MASTER JINBODHI TELLS A STORY
Losing Is Gaining
Gaining Is Losing
A monk was making his way down a hill after collecting firewood. At the foot of the hill, he saw a boy catch a butterfly, happily cupping it in his hands to prevent it from flying off into the clear day.
The boy saw the monk and suggested, “Shall we have a bet?” The monk asked him how he would like to play. The boy said, “Guess whether the butterfly in my hands is dead or alive. If you guess wrongly, your bundle of firewood will be mine.”
The monk agreed to his terms. He guessed that the butterfly was dead. The gleeful boy opened his hands and the butterfly flew off. “Ha ha! You lost! The bundle of wood is mine!”
The monk gave the bundle to the boy and walked away with a smile on his face. The boy was puzzled by the monk’s happy expression, but he didn’t give it much thought as he carried his prize home. He was too busy relishing the arrogance of the victor. He proudly related to his father how he had bested the monk.
To the boy’s shock, his father slapped him and said angrily, “Do you really think you have won? You have lost and you don’t even know it!” The father instructed him to carry the firewood and together they made their way to the temple. Upon seeing the monk, the father returned the bundle and apologized profusely, repeating, “Please forgive my ignorant child.”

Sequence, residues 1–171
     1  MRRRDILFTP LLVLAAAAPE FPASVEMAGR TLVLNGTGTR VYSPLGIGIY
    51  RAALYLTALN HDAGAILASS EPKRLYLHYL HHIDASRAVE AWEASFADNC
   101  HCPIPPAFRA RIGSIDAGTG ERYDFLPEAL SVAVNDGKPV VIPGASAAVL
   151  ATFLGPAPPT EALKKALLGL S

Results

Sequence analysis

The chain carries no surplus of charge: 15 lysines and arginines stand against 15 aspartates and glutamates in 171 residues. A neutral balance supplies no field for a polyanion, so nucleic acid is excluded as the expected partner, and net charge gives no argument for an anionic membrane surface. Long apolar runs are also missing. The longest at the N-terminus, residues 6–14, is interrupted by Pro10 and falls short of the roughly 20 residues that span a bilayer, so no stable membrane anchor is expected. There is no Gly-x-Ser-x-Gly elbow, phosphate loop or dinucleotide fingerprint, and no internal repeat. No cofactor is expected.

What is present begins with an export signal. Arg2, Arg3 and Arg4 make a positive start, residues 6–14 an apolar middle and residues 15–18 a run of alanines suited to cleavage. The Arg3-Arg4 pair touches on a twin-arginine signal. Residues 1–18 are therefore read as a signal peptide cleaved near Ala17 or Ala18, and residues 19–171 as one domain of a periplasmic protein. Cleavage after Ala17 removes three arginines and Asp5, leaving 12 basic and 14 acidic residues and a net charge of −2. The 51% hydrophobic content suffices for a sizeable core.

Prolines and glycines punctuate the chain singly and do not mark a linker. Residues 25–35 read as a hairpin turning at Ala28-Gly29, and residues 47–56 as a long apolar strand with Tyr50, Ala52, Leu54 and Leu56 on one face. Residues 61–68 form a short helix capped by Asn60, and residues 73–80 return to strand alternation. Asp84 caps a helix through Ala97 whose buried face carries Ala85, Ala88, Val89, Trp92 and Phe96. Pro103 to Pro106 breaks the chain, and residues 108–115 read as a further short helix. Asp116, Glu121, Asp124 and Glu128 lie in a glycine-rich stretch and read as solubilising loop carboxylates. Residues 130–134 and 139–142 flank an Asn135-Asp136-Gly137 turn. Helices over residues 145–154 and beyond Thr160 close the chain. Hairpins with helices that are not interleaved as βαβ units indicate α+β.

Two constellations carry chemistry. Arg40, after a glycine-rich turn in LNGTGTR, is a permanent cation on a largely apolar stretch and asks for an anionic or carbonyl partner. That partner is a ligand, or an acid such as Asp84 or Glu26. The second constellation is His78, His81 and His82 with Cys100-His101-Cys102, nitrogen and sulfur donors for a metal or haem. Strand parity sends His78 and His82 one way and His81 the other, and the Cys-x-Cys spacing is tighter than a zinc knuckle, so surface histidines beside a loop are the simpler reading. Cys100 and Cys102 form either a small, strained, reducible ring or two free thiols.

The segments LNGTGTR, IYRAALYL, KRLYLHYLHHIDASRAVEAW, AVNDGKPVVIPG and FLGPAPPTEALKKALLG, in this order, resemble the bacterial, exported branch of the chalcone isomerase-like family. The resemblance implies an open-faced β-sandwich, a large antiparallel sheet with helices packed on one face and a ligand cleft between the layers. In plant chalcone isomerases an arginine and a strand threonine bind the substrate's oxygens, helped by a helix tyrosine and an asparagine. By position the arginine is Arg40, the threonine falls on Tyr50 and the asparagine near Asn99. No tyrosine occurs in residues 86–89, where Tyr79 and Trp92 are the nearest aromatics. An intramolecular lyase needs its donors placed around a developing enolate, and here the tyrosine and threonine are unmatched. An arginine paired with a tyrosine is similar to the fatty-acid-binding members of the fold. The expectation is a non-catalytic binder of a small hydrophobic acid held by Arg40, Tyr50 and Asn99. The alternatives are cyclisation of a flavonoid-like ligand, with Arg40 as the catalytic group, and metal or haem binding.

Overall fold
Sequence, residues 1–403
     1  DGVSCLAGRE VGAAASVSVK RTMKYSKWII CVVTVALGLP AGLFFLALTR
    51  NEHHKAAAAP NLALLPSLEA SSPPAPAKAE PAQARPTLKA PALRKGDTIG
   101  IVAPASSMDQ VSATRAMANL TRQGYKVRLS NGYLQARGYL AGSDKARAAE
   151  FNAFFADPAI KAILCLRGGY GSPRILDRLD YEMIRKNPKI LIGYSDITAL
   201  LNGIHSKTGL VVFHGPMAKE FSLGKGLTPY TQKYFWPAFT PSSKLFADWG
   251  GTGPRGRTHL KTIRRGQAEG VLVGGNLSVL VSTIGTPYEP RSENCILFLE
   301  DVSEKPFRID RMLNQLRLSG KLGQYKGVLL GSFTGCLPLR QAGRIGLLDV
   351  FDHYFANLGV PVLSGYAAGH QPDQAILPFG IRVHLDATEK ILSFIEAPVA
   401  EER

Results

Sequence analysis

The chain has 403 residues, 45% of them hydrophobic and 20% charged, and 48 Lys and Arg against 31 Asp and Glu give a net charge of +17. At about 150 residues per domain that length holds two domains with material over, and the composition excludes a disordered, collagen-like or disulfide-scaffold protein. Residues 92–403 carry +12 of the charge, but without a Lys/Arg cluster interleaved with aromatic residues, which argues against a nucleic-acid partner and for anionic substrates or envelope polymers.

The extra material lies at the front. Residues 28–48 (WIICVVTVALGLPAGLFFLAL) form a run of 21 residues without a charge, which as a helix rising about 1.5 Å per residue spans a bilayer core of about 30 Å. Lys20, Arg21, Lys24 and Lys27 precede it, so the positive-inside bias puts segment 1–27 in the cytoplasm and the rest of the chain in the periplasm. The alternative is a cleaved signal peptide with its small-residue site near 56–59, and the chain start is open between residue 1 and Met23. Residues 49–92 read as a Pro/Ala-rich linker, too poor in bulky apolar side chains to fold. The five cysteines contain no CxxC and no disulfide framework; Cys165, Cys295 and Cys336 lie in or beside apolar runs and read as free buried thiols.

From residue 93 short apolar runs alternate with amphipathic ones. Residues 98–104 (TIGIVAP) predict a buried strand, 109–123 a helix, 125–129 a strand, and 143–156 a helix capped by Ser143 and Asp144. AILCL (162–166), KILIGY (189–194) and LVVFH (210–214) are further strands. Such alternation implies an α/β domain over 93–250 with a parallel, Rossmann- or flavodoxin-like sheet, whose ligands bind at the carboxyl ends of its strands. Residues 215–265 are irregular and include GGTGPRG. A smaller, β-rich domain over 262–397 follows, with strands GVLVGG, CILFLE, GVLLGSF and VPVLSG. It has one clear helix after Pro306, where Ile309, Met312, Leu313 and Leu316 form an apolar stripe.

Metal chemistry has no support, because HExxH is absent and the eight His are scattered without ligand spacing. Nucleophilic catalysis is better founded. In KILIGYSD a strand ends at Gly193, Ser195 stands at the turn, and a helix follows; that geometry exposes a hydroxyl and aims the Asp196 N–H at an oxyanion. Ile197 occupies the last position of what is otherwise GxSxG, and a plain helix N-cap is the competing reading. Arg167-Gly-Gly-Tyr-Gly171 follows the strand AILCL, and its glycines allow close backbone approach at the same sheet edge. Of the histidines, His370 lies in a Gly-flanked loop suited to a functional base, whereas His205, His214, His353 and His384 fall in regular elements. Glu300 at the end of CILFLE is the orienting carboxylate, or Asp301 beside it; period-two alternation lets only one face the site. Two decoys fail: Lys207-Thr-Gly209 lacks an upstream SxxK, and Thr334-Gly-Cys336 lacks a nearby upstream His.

As they made their way home, the baffled boy finally sought an explanation from his father. “The monk said the butterfly was dead so that you would release it and win the wood,” said his father. “If he had guessed the butterfly were alive, you would have crushed it dead in order to win the bet.” His father stopped walking and looked at his son for a long moment. “The monk only lost a bundle of wood. In return, he gained a heart of compassion.”
Our perspectives on gain and loss can cause us much suffering. Often when we think we have profited, in fact we’ve ended up losing, and the reverse is true too. Obsessing over gain and loss spurs people to act in an unprincipled manner in pursuit of an ego boost and material gain. Such fixation is woven into the fabric of suffering, obscuring the happiness that could be ours. Instead, focus on compassion for oneself and others, which transcends the transient ups and downs of life.